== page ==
noncohesive soil

noncohesive soil

A soil such as gravel or sand in which the particles do not stick together, as opposed to a sticky clay or claylike silt.
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Considering these findings, the researchers recommend the modified equation for use on a broader range of noncohesive soil conditions for pier scour.
Balancing safety and cost is critical to smart investment when estimating scour at bridge piers in noncohesive soils. This report summarizes a study to improve techniques for estimating scour under a broad range of conditions using quantitative measures of reliability and accuracy.
Reinforced Earth[R] is a construction material formed by the association of noncohesive soil with linear metallic reinforcements.
Based on the model test of piles in noncohesive soil slopes, Muthukkumaran [10] discussed the effects of slope ratio, soil parameters, loading direction, and pile foundation position on pile foundation.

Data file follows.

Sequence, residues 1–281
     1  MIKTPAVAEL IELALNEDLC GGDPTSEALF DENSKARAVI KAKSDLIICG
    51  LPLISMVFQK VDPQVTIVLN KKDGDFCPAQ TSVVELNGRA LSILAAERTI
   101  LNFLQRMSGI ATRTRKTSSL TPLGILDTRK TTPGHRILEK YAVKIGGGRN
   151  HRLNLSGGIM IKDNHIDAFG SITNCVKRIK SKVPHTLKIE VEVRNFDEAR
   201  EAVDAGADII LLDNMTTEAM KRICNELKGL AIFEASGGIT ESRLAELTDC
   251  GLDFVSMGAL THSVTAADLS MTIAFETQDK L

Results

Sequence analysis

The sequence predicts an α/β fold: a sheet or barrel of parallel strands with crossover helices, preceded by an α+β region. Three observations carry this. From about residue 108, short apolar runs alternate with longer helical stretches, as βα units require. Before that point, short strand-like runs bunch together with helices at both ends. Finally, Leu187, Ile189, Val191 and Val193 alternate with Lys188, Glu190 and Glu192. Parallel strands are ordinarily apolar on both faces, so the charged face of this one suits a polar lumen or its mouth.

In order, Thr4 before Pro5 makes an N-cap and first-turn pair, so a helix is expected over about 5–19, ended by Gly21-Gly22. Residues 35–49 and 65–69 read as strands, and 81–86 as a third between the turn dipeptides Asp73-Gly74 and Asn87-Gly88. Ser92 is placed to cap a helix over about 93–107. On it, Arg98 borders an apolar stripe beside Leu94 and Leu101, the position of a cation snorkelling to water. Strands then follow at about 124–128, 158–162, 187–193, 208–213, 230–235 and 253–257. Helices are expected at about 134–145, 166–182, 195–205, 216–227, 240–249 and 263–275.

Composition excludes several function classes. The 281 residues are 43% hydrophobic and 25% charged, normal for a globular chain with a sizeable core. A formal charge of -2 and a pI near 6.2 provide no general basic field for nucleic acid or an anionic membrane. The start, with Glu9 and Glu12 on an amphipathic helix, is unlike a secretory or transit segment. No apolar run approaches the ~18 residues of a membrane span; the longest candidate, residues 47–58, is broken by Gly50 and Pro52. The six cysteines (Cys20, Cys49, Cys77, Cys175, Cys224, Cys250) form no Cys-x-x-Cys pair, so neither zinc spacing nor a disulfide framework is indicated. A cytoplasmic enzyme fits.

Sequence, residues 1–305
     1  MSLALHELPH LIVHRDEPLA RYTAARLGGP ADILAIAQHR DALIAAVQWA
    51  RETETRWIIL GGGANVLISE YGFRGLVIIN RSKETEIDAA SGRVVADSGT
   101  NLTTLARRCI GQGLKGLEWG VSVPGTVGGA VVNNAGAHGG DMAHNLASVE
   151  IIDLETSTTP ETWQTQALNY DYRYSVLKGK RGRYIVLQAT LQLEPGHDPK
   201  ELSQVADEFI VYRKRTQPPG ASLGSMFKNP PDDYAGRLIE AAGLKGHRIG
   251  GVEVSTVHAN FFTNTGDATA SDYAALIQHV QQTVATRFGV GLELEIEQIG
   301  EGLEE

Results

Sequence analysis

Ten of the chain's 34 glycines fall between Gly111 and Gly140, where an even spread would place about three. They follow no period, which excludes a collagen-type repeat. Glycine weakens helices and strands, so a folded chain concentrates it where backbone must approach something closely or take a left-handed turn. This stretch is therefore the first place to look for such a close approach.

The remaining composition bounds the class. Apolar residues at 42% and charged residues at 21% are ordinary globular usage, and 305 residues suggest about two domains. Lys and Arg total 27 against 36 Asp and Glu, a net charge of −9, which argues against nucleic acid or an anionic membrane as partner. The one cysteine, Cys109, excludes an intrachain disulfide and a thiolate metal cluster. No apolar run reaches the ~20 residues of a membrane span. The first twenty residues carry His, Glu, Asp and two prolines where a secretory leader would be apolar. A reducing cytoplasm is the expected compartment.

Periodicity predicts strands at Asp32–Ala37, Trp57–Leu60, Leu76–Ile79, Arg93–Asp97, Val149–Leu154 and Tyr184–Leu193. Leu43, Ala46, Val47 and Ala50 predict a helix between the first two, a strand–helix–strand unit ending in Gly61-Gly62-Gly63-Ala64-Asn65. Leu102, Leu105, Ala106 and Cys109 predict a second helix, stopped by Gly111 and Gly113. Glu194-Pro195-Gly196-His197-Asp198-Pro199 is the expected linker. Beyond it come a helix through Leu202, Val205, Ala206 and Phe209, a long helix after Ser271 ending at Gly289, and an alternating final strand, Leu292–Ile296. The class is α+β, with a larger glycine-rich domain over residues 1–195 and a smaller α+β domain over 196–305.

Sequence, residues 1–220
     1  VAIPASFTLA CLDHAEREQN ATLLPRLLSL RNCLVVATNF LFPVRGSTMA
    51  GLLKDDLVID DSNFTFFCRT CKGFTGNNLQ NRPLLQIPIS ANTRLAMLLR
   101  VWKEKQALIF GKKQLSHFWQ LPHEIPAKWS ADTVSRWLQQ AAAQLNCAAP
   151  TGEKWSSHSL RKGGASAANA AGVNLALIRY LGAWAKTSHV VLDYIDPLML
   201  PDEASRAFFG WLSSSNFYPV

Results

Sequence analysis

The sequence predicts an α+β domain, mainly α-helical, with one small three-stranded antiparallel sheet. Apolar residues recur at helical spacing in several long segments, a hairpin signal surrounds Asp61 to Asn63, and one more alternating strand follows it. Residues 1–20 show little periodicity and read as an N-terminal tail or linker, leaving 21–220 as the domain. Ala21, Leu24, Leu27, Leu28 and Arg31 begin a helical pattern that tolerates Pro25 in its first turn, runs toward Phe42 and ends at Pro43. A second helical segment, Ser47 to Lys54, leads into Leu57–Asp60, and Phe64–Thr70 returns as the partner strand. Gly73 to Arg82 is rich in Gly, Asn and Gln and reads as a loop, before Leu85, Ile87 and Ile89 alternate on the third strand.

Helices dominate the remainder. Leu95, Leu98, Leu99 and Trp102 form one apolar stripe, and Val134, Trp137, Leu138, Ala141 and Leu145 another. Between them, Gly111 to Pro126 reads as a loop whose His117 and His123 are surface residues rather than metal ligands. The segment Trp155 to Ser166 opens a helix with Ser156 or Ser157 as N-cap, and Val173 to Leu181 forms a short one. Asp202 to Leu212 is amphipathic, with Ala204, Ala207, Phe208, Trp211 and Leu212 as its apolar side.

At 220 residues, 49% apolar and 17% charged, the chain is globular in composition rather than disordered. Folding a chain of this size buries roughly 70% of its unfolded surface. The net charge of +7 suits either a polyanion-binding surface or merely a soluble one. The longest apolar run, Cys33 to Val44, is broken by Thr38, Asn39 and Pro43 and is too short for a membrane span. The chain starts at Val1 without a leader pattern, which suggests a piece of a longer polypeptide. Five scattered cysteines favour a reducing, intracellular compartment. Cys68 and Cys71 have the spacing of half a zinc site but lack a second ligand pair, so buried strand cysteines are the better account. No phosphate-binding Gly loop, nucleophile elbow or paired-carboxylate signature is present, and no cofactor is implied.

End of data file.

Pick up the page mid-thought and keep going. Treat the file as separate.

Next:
As in Hong Kong, most sliding body materials are noncohesive soil with good permeability, so slope occurrences have close relevance with high intensity and short-time rainfall.
Reinforced Earth |R~ is a construction material formed by the association of noncohesive soil with linear metallic reinforcements.
Reinforced Earth [R] is a construction material formed by the association of noncohesive soil with linear metallic reinforcements.
Those walls were built in a wide variety of cohesive and noncohesive soils, including sand, silty sand, clayey silt, residual soil, and weather rock.
The solid particles of noncohesive soils are poor conductive while electrical current flow occurs only in intergranular spaces filled with mineralized water.
The [k.sub.0] for cohesive and noncohesive soils is normally considered to be a function of Poisson's ratio and a function of the angle of internal friction [phi], respectively.
(2004a, 2004b) have also reported the existence of tunnel erosion process in nondispersive material resulting from the liquefaction of noncohesive soils and mine spoil containing high silt and sand content.
It is interesting to note that at 30% slope, where detachment limited conditions are more likely to prevail, it was not the well-aggregated soils that were the most erodible, but the sandy noncohesive soils. These results highlight: the process-specific nature of erodibility, and indicate some of the difficulties associated with attempting to predict erodibility from a single set of properties under a range of erosive regimes.